• For some reason, Gadhafi continues to be able to use Egyptian-owned Nilesat communication satellites to broadcast his propaganda, incite violence, and support his military. We should consider jamming Libyan State Television, but a much better alternative would be to persuade the Egyptians to stop carrying the channel.
  • The best alternative to greater NATO military activity is to strengthen the forces of the opposition. Yet the Obama administration seems determined to repeat the mistake of Bosnia, where the U.S. imposed an arms embargo on the Bosnian Muslims while their Serb enemies had no shortage of weapons. It makes little sense to argue that we don't know what might become of our weapons down the line. Once Gadhafi is defeated, the opposition will have billions of dollars with which to purchase virtually anything it wants on the international arms market. In the meantime, it's not preferable to make them dependent on weapons from other Arab countries.

At a minimum, the administration should support the creation of a NATO training command to enable the opposition to make better use of the weapons it has. Such a facility would also give us insight into who makes up the opposition and allow us to help build the nucleus for effective security in a post-Gadhafi Libya. To avoid the administration's self-imposed prohibition on "boots on the ground," such a training facility could be based nearby in Italy.

  • There is much more that could be done with nonlethal support as well. Announcing the delivery of halal military meals when the opposition was pleading for arms had the quality of a cruel joke. The opposition could clearly use better communications tools, better body armor, and better mine-clearing equipment. The latter would also serve an important humanitarian purpose.
  • So too would provision of hospital beds for the severely wounded--both civilian and military--onboard NATO ships in the Mediterranean. During the humanitarian support mission for Haitian earthquake victims, the U.S. Navy provided as many as 1,400 hospital beds and was treating as many as 543 patients at once. A significant fraction of that assistance came from the hospital ship USNS Comfort, which is currently on a goodwill cruise in South America and might be temporarily diverted to the Mediterranean to meet this urgent need.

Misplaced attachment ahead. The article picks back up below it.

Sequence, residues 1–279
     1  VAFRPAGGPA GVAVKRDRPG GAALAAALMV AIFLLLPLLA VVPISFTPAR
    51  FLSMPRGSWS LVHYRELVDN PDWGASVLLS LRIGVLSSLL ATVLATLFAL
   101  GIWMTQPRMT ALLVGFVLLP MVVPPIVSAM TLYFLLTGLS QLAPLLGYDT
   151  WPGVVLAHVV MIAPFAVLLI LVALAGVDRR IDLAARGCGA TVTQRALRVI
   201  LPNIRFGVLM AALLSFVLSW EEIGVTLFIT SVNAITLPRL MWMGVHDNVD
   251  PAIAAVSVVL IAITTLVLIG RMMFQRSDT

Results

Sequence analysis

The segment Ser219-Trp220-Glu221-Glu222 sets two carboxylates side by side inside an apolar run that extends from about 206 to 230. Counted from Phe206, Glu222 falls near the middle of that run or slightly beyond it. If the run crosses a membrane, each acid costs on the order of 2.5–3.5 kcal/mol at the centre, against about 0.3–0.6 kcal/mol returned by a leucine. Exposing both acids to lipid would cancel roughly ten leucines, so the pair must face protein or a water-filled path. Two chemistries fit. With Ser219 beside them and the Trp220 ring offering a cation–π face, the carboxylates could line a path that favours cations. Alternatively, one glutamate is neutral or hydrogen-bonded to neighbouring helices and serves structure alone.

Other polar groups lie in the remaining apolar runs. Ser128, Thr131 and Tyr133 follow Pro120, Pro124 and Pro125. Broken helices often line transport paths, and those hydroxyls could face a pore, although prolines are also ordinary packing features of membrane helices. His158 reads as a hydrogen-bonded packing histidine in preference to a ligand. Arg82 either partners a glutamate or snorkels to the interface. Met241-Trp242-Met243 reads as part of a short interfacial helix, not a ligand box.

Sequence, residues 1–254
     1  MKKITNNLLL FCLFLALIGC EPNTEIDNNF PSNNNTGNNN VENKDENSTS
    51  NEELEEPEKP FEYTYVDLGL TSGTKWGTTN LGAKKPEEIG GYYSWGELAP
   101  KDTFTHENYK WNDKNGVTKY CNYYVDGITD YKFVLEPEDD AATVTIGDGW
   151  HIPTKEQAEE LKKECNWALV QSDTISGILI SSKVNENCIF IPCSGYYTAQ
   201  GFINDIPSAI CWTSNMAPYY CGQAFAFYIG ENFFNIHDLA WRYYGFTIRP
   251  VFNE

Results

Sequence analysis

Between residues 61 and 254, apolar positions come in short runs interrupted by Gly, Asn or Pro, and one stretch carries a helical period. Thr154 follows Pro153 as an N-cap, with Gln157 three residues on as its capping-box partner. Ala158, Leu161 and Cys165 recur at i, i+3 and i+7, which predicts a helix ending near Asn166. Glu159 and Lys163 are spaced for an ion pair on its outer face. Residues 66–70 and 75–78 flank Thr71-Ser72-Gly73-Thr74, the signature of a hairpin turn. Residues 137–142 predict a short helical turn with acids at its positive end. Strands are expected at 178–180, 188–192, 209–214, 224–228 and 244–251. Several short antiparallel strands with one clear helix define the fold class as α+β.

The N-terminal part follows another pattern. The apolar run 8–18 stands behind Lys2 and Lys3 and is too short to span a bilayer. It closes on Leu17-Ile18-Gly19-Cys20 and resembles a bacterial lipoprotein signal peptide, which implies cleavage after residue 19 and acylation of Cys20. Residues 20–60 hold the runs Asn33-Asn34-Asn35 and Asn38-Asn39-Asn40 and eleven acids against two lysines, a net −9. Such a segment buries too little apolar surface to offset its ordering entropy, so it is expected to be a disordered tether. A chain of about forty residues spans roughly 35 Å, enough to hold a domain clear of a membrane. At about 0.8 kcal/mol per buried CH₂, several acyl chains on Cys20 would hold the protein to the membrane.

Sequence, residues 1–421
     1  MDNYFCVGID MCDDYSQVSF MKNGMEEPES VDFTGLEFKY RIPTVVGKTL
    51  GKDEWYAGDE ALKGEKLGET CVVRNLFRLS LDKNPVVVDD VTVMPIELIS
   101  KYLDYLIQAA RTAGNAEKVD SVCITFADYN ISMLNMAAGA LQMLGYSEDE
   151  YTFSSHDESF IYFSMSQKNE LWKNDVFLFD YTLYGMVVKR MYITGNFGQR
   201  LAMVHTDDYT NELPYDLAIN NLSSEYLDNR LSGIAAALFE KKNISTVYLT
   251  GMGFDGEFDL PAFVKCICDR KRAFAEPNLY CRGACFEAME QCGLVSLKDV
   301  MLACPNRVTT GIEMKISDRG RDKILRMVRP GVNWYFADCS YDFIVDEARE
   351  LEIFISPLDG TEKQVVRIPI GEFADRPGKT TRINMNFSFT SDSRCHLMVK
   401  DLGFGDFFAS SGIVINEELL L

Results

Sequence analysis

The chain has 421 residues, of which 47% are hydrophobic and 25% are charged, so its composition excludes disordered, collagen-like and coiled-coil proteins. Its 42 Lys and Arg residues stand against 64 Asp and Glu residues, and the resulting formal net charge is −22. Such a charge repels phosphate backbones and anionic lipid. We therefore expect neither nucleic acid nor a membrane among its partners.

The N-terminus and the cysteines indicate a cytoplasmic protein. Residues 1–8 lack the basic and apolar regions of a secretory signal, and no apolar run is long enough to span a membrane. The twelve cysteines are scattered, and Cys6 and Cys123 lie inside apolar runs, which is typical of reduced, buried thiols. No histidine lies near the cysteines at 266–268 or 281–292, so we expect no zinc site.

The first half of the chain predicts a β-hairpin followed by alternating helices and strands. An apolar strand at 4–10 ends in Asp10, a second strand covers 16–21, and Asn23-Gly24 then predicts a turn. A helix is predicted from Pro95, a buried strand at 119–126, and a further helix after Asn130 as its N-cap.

While the administration continues to hope that NATO will get lucky and Gadhafi will be gone soon, it seems to have done little to encourage the opposition to prepare for the day after. It doesn't help that there are very few Americans on the ground in Benghazi. But by engaging with opposition leaders now, we can help them develop realistic plans to implement the excellent eight-point "Vision for a Democratic Libya" that they announced in March.

So far, the Libyan opposition seem to have behaved quite responsibly, but there are still many questions about who they are and what will they do if they win. However, unless we want Gadhafi to win--which no one advocates--we will have to deal with a victorious opposition at some point. Hastening their victory will improve the chances for success afterwards, since the longer the blood-letting continues, the more scores there will be to settle and the more capable future Libyan leaders will be killed.

Instead of opposing U.S. support for NATO's military operations, Congress should be criticizing the administration for its failure to support that effort with nonmilitary actions that could bring the conflict to a more rapid and successful conclusion. The mood in Congress in part reflects a public that is understandably weary of wars in Afghanistan and Iraq. But Libya is not Afghanistan or Iraq. No one is suggesting sending in foreign ground troops, and the Libyans have made clear that they don't want them. What they do want are the means to win their own fight for themselves. The sooner that happens the better.

Paul Wolfowitz is a visiting scholar at AEI.